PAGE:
Social Justice Ireland have urged Government to increase social welfare rates by €25 a week and child benefits by €50 a month.
This morning, Social Justice Ireland released their Budget Choices report, in which they urged Government to increase payments to "protect the most vulnerable" of the population.
On Breakfast Briefing, Economic and Social Analyst for the research institute, Colette Bennett said Government can "absolutely afford" to make these changes.
"What we're calling on Government to do is reverse the mistakes of Budget 2023, which increased the rich-poor gap by €199 across the year," she said.
"We want to see an increase in core social welfare, which would go some way to address both the cost of living pressures, but also towards the benchmark that we have been calling on Government to implement for years now.
"This is the Government's own benchmark that they implemented in 2007 and then forgot about."
Ms Bennett said an increase in social welfare by €25 a week would give those on the lowest incomes "a chance to maintain a decent standard of living."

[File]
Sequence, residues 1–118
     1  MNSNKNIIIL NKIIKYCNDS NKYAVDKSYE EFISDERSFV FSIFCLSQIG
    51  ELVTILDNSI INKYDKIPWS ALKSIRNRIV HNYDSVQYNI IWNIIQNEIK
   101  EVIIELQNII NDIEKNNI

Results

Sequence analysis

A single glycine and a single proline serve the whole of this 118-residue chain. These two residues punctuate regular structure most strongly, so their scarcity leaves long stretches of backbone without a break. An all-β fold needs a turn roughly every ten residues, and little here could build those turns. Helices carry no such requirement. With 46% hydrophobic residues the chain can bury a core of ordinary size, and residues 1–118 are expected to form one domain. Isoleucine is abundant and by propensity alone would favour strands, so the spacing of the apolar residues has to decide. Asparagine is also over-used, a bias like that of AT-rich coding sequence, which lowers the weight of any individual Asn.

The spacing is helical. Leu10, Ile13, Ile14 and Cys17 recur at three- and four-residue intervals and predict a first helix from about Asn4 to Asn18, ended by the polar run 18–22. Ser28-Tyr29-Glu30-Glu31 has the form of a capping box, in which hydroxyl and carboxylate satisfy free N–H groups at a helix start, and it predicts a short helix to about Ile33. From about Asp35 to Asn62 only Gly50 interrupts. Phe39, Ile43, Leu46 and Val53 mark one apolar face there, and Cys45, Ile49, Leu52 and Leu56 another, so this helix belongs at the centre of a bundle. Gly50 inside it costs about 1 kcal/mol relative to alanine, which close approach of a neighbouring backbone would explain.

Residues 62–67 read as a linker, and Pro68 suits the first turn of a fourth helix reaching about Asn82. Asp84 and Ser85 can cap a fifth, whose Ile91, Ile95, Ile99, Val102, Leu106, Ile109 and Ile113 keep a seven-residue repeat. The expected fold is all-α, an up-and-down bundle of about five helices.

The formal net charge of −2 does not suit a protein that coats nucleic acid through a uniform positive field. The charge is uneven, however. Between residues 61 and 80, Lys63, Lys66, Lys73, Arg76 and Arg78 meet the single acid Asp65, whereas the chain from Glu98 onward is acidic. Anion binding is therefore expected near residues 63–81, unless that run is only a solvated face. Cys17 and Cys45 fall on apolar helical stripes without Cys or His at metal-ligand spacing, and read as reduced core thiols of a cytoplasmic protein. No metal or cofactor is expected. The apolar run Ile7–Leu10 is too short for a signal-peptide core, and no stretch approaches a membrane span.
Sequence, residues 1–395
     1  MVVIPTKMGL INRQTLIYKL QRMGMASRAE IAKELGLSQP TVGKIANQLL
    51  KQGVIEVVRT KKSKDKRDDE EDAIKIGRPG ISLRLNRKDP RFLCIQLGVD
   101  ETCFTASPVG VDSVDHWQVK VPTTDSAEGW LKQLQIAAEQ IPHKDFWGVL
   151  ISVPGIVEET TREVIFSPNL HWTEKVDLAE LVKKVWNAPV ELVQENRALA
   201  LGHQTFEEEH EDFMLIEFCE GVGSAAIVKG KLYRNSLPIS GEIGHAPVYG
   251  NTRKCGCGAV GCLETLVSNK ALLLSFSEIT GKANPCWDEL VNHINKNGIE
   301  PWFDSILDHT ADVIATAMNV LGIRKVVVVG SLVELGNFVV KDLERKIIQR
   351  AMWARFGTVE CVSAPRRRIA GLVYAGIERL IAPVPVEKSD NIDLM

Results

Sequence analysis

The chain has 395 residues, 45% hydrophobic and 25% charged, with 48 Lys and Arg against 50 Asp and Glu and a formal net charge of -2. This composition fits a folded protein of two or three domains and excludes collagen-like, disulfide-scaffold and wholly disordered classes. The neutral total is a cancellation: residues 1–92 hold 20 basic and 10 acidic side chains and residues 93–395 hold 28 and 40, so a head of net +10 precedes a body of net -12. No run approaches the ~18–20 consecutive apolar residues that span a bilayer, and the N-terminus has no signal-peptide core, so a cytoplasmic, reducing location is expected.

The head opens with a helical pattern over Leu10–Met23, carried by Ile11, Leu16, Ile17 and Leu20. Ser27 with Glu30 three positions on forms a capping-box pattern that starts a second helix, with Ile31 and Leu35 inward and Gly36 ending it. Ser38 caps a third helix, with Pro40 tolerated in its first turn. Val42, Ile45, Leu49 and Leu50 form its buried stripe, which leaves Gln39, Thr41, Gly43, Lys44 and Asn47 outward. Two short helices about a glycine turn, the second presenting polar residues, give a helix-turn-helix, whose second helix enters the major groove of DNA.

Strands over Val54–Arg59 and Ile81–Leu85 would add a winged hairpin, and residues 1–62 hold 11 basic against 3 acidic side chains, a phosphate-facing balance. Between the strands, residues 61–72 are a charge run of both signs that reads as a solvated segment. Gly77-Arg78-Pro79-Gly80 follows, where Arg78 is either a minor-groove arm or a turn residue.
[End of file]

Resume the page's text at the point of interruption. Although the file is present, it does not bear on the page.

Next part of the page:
"In terms of child benefit, we want to see that increased by €50 a month," she said.
"The Taoiseach – when he was reinstated again in December – he came out and he said we are going to address child poverty, we are going to make Ireland the best little country to grow up in.
"That requires investment in children and part of that is to make sure that families with children have adequate incomes."
Child welfare is something that is focused on prioritising the child, regardless of the financial position of the parent, Ms Bennett told the show.
"If Michael O'Leary or Conor McGregor went insolvent, their child benefit payment is not included in any income calculation – that is actually protected for the child," she said.
"It's prioritising children as part of a larger package in terms of the social infrastructure around children. What that means is, from the windfall tax, what we're calling on Government to do is to be prudent about this and to split the budget.
"We want to see windfall being dealt with separately and we want to see the core budget being dealt with as a normal budget."
Ms Bennett said this increase in social welfare and child benefit payments would result in a "slight inflationary impact."
"That would be tapered off by the fact that we have such an investment package in the infrastructure side so that we're actually protecting the Exchequer in the long term," she said.
"What we're saying is we need to see an income adequacy piece while we're building the infrastructure that we need. If you take housing, we're paying over €1 billion in current expenditure in landlord subsidies in the housing assistance payments alone.
"What we're looking for is an increase in the infrastructure side of that so that we're actually building the housing that reduces the bail on that side, and therefore makes the additional asks on social welfare more sustainable."